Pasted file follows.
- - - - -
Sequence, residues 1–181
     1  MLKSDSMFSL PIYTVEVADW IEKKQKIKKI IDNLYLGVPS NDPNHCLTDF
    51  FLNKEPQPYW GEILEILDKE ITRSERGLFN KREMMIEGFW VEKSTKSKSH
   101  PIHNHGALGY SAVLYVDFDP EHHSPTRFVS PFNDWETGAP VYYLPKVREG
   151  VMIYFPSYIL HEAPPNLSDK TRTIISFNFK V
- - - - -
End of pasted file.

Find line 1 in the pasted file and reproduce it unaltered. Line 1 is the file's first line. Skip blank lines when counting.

Sequence, residues 1–181